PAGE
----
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Traveling outside the country without paying for cellular data is possible, but it’s annoying. The harder it is to find a decent Wi-Fi signal, or the more expensive SIM cards and data plans are in the place you’re visiting, the more annoying it can be. But Airbnb might be working on a solution.
According to a patent application published this week, the company’s “design studio” is working on concept for a device that will help travelers with limited or no access to Wi-Fi or cell networks by downloading lightweight, essential information about their trips, like maps and messages.
“When traveling in an area in which network connection is unavailable or unreliable or in which network connection is prohibitively expensive or inconvenient, the system … allows a client device ... to connect to external web services without a direct network connection,” the filing says.
One of the Airbnb employees named on the patent application, Alex Blackstock, published a photo on LinkedIn that looks a lot like the drawings in the patent filing, CBInsights pointed out in a blog post yesterday.
Obviously, a patent filing does not a “Beam Device Architecture” make; there’s no way of knowing if Airbnb will ever actually produce the product. Though the startup is worth $31 billion, that valuation is more the product of its massive network of users than its history of cutting edge technological innovation.
If Airbnb actually starts developing the beam modem, it would be one of the company’s first forays into hardware, though it is also working on things like keyless access and other connected home features through partnerships with companies like Vivint. And Airbnb CEO Brian Chesky discussed other reach technologies — like bitcoin, artificially intelligent travel assistants, and smart TVs — the company might be interested in pursuing in a Twitter thread last December. At the time, Chesky tweeted that “a lot of people” requested a system for guaranteeing more reliable Wi-Fi. This device could be an answer to that.
Reached for comment, a spokesperson said it was too early to discuss Airbnb’s intentions regarding the patent.
But if, someday, Airbnb does manage to build a device that could, say, help you find the location of important landmarks, restaurants, or even your Airbnb itself when you have no service and no idea where you are, that would be pretty tight.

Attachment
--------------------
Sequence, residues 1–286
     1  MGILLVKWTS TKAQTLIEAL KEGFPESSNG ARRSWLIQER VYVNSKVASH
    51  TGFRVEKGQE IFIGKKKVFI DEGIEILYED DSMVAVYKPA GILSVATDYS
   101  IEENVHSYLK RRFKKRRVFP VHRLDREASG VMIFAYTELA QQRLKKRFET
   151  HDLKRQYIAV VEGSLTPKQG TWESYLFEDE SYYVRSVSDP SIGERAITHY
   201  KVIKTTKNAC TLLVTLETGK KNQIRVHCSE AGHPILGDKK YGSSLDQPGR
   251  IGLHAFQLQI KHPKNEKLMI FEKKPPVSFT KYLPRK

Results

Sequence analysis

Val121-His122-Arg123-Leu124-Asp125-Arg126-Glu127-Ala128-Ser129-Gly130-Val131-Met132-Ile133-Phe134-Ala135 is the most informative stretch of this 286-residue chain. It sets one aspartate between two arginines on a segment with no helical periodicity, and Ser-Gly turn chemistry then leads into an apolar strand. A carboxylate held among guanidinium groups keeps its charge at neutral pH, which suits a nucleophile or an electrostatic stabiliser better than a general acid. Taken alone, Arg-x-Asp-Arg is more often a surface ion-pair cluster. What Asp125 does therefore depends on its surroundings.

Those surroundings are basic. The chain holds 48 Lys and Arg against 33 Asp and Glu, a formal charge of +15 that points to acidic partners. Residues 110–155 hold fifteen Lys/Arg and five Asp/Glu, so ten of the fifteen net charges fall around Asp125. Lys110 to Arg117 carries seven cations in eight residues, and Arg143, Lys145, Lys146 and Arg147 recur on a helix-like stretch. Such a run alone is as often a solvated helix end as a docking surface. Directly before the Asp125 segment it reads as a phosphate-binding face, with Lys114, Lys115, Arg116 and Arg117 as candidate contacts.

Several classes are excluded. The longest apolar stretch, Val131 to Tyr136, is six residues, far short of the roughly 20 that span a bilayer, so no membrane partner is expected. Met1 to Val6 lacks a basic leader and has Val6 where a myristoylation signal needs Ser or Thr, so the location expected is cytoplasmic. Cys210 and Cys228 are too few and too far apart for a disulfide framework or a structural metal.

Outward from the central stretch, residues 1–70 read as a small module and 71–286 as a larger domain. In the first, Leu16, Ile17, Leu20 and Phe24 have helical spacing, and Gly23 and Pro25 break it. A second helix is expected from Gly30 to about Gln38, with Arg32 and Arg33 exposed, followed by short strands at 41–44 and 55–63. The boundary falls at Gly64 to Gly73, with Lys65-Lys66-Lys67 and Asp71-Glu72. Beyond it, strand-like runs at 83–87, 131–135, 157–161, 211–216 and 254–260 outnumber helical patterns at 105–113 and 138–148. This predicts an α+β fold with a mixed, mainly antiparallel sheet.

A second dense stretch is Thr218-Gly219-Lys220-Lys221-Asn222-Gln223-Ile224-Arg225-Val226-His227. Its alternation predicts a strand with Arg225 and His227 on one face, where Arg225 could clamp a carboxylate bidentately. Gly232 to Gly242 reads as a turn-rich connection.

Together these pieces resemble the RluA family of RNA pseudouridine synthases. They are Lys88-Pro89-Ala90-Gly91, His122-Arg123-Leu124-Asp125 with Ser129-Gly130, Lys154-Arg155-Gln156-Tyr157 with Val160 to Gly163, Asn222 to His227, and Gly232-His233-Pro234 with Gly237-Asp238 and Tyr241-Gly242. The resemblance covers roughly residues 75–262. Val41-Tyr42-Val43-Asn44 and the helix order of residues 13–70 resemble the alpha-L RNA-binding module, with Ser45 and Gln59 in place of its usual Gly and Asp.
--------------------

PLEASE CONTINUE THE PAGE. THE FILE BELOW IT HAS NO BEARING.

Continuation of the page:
According to the patent filing, Airbnb’s beam device would involve three parts — a “client device” such as an iPhone or a computer, the beam modem (pictured above), and a beam API server. The patent describes how those three things would work in concert to provide a wayward traveler with compressed and “minified” data about their trip:
“Before a trip, when the user has a good connection to the Internet, the beam API server ... receives information about where the user will be traveling and communicates with the client device ... to store map data for the travel location on the client device ... Then, when the user is traveling in the specified location and sends a web request for location data, the beam API server ... only has to transmit data that has not already been pre-cached such as the location of a restaurant or point of interest, but does not have to transmit map data to enable navigation on the client device.”
Being able to plan a travel and sightseeing itinerary that is accessible no matter where you are or how crappy your cell service could be incredibly useful. The filing also suggests that, before embarking on a trip, users could pre-select what kind of Airbnb information — ”such as maps and messaging” — they want to easily access when they’re traveling.
In the filing, Airbnb also signals where it imagines people using its beam modem most often: places like Cuba, most of Africa, and China — which all have either limited or censored cell networks, and little in the way of Wi-Fi. (I’d add that there are plenty of places in rural California that are lacking cell service, too.) The problem with this, Airbnb says, is that many modern travelers “consider connection to certain electronic services as essential,” especially “when traveling away from home in an unfamiliar place.” As Airbnb pushes for growth in foreign markets, especially China, the ability to provide guests with reliable internet access could be a major draw for people unaccustomed to navigating without the ‘net.